Image provided by: University of Oregon Libraries; Eugene, OR
About The Oregon daily journal. (Portland, Or.) 1902-1972 | View Entire Issue (Oct. 28, 1914)
'ESIATION OF AN
At Salem Meeting Steps Are
Taken for?0rgamzat:on. of
Oregon Association. .
MARKET IS DEMORALIZED
fieleretee Trom California tend
forts to Turther ths Iiooal
' (Sales Burssa of The Journal u
... 6alm, Or.f Oct J8. At: a meeting:
yesterday afternoon of hopjrowers ;of
. Uf Willamette.' valley, dlegafes from
the Hopgrowers' association -of Cali
fornia and a deiesate from the 14 or tn
Yakima Hocarowers' of the stats of
. "Washint ton, scores of Willamette val
ley; growers signed a call for the or
ranizatlon of the Hopgrowers' Asso
i elation of Oregon, a preliminary organ
- isatlon was effected and It was de
' iied to meet November 1, at 10 a, m.,
and perfect a permanent organization.
The object of the association will
; h to secur vrtcea which, will mean
a fair profit "for the arowers, the es
tabilshment of grades so that growers
- m not suffer at the hands of thj
dealer, th establishment of a central
point for selling hops advantageously
and a determined fight to overcome
the present ruinous prices and the
domination of the hop industry by
A resolution reciting that the hop
crop had fallen far short of expects
lions when dealers were willing to
tay 18 and 19 cents, and that the
market had been demoralized so that
" offers of from 8 to 10 cents were be-
irur made, and calling upon the attor
ney-gentral of the United States to
make an investigation of an alleged
, combination in restraint of trade ex
lating between hop dealers and brew
ery associations, was introduced Dy
George Kerr of North Yakima, presi
dent of the association at that place.
out no action was taken, the stand
t being taken that it would bo well not
tn. t.ko ud such matters until after
the anBOclation was fully organized.
Committees Are Named.
Committees were named to place
the membership Question before all
the hop dealers of Oregon and organize
the counties. The following were
named the list not having been fully
completed by Chairman L. 1L Mo
Lane county, E. E. Morrison and
George Knight; Polk county, William
Percival: Yamhill county. J. Kirk-
wood; Benton county, Fred Ireland
Jefferson district of Marion county,
Bteos are to be taken at once to
bring about an organization in Wash
A delegation of hopgrowers from the
California association, recently organ
ized. was Dresent and aided In out
llnlns- the plans of the association. It
. la nlaaned later on to organic the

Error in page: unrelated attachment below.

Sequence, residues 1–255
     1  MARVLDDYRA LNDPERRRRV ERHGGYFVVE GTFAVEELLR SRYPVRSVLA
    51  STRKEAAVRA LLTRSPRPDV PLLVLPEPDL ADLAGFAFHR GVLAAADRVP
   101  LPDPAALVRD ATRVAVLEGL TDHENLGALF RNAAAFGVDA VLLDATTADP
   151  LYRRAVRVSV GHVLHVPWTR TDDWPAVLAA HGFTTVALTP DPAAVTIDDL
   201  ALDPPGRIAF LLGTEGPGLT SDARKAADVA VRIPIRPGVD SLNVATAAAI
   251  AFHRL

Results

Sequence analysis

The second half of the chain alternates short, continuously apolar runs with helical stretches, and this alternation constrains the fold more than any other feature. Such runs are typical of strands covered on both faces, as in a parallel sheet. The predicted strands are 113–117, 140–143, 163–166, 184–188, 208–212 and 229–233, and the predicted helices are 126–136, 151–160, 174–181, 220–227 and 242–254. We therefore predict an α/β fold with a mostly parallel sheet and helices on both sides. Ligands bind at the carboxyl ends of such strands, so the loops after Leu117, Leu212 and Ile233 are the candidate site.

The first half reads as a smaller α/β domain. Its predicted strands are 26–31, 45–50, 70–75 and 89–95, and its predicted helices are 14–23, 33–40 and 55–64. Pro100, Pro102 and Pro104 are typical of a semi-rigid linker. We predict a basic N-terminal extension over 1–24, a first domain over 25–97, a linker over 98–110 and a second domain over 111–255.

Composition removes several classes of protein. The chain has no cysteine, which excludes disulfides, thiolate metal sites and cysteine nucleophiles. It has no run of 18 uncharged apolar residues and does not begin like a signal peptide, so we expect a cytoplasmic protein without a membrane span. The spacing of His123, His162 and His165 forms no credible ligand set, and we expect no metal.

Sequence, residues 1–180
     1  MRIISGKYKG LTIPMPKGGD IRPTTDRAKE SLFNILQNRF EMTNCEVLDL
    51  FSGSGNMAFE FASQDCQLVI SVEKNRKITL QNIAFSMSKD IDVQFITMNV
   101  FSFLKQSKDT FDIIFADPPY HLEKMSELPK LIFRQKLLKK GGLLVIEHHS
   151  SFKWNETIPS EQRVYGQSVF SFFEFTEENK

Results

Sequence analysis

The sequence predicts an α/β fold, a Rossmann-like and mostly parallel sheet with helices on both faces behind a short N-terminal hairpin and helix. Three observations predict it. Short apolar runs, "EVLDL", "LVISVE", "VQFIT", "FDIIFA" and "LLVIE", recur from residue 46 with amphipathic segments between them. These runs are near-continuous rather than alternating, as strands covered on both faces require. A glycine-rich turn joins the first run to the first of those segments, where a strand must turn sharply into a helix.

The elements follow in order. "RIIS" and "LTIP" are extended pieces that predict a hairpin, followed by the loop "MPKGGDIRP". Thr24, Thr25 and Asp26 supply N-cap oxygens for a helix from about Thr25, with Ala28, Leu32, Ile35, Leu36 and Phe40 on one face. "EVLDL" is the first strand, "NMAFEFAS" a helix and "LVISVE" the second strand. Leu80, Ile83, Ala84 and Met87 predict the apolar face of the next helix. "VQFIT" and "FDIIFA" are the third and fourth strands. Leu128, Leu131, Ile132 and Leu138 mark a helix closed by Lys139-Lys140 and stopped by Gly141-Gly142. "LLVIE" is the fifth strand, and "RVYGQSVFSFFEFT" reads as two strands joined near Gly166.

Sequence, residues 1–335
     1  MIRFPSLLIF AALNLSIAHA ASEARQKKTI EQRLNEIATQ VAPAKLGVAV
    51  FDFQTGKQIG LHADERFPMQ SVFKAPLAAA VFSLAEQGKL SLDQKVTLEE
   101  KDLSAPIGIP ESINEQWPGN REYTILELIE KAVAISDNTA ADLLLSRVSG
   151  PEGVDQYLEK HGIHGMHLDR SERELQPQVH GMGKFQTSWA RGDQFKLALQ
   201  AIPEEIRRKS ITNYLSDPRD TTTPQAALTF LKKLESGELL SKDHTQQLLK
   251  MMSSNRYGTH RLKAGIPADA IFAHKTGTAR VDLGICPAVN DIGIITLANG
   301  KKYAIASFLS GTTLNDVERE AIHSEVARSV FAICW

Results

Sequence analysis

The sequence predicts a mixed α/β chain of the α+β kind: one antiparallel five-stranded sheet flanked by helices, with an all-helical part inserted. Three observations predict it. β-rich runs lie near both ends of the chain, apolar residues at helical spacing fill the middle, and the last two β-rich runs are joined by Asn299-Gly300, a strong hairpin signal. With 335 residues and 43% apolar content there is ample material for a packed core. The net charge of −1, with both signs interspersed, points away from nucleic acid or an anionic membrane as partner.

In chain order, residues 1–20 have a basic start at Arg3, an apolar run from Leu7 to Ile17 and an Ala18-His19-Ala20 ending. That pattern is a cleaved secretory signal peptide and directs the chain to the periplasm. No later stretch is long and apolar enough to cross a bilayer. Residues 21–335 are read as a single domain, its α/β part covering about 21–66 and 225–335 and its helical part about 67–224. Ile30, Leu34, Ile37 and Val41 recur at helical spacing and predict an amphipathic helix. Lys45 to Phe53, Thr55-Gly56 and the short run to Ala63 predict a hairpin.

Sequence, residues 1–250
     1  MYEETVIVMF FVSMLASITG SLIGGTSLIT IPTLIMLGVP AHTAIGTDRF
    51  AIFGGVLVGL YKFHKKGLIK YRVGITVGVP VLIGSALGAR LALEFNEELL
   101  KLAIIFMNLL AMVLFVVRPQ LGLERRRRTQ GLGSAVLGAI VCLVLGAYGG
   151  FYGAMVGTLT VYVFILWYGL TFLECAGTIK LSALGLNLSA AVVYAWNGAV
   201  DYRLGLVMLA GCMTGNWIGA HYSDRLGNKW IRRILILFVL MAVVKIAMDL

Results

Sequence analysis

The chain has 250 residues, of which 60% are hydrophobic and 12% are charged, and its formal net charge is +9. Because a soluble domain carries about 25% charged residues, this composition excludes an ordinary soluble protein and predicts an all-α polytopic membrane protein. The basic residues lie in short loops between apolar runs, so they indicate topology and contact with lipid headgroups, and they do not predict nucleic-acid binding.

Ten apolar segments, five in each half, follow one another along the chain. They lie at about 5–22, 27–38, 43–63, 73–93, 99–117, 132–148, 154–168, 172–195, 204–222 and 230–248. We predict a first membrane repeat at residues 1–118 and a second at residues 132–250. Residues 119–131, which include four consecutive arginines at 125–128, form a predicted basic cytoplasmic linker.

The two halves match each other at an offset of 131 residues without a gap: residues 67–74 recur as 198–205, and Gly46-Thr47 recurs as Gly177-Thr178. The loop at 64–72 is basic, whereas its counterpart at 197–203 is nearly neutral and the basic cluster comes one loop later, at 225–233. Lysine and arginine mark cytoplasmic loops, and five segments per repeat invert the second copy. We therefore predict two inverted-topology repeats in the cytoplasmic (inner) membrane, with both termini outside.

state, of Washington, Oregon and Call
, fornla In the Hop Clrowers' association
of the Pacific coast and possibly, when
the Atlantio coast growers have been
I organized in the Hop Growers' aesocla-
S tion of the Atlantic coast to, have
still larger organization to incliide both
oncanUatlona ad the Mop Growers' As
soulatlon of America.
The delegates from the California
association who attended the meeting
here included A. A. Merkeley, of Sacra
mento; W. R. M. Beardslee, of Sacra
mento; George Hewlett and P. E. Bla
lock, of Hopland; L. Cunningham, of
Uklah; Blix Paxton, of Sonoma, and
Charles Crawford, of Uklah.
It was explained that hopgrowers
representing 90 per cent of the crop
of California had Joined the California
association and It was believed that If
76 per cent of the hopgrowers of Ore
gon and Washington would become
members the success of the Jan would
Conditions Are Unwarranted.
It was declared that there was noth
ing to warrant present conditions, in
asmuch as brewers were paying dealers
the same prices as usual and the deal
ers were simply pocketing as profit
the difference between the price paid
for the growers' product and the
amount called for in their f. o. b. con
tract with the brewers ranging from 18
to 26 cents.
Fake news In regard to the hop situ
ation was denounced. One speaker told
of running down reports that Germany
was. shipping large quantities of hops
to New York and ascertaining that it
was absolutely untrue.' Not a. shipment
has come since the war broke out. A
Balem man told of how the boast had
been made hers that a certain dealer
Right to a dot. A very clever
white polka dot madras collar
which proclaims at a glance
its superlative smartness.
The leading men wear stores have Ida
Silver Collars or can get them for you
but if you have the slightest bother,
write u for a list of our dealers nes.
est you; . : ' ",
aso, p. ids a co . makbm. toy. n. v.
CHAIRS TO RECANE
School for the Adult Blind
11th and Davis
For particulars call J. F. Meyers,
Phone Main 54S
would clear $100,000 as a result of the
low price of hops, ; having a contract
calling for 26 cents from the breweries,
while h paid the farmers 10 cents and
Dr. Smith Popular